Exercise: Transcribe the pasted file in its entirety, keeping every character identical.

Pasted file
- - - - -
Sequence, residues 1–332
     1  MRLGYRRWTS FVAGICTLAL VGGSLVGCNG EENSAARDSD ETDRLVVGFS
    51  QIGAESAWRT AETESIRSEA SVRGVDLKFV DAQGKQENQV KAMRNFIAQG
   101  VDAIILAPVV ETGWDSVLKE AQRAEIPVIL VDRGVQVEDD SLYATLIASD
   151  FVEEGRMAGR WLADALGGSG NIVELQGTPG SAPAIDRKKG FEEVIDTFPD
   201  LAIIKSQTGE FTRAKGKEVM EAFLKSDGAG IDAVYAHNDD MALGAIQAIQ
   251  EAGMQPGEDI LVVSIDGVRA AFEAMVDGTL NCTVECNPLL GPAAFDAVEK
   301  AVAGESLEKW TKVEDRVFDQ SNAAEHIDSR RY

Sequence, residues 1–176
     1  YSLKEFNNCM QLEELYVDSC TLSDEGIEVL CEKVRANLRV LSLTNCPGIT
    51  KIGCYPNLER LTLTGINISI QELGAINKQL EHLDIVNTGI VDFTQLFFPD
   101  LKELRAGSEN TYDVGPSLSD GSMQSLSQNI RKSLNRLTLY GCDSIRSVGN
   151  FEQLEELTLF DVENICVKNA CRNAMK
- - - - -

Sequence, residues 1–332
     1  MRLGYRRWTS FVAGICTLAL VGGSLVGCNG EENSAARDSD ETDRLVVGFS
    51  QIGAESAWRT AETESIRSEA SVRGVDLKFV DAQGKQENQV KAMRNFIAQG
   101  VDAIILAPVV ETGWDSVLKE AQRAEIPVIL VDRGVQVEDD SLYATLIASD
   151  FVEEGRMAGR WLADALGGSG NIVELQGTPG SAPAIDRKKG FEEVIDTFPD
   201  LAIIKSQTGE FTRAKGKEVM EAFLKSDGAG IDAVYAHNDD MALGAIQAIQ
   251  EAGMQPGEDI LVVSIDGVRA AFEAMVDGTL NCTVECNPLL GPAAFDAVEK
   301  AVAGESLEKW TKVEDRVFDQ SNAAEHIDSR RY

Sequence, residues 1–176
     1  YSLKEFNNCM QLEELYVDSC TLSDEGIEVL CEKVRANLRV LSLTNCPGIT
    51  KIGCYPNLER LTLTGINISI QELGAINKQL EHLDIVNTGI VDFTQLFFPD
   101  LKELRAGSEN TYDVGPSLSD GSMQSLSQNI RKSLNRLTLY GCDSIRSVGN
   151  FEQLEELTLF DVENICVKNA CRNAMK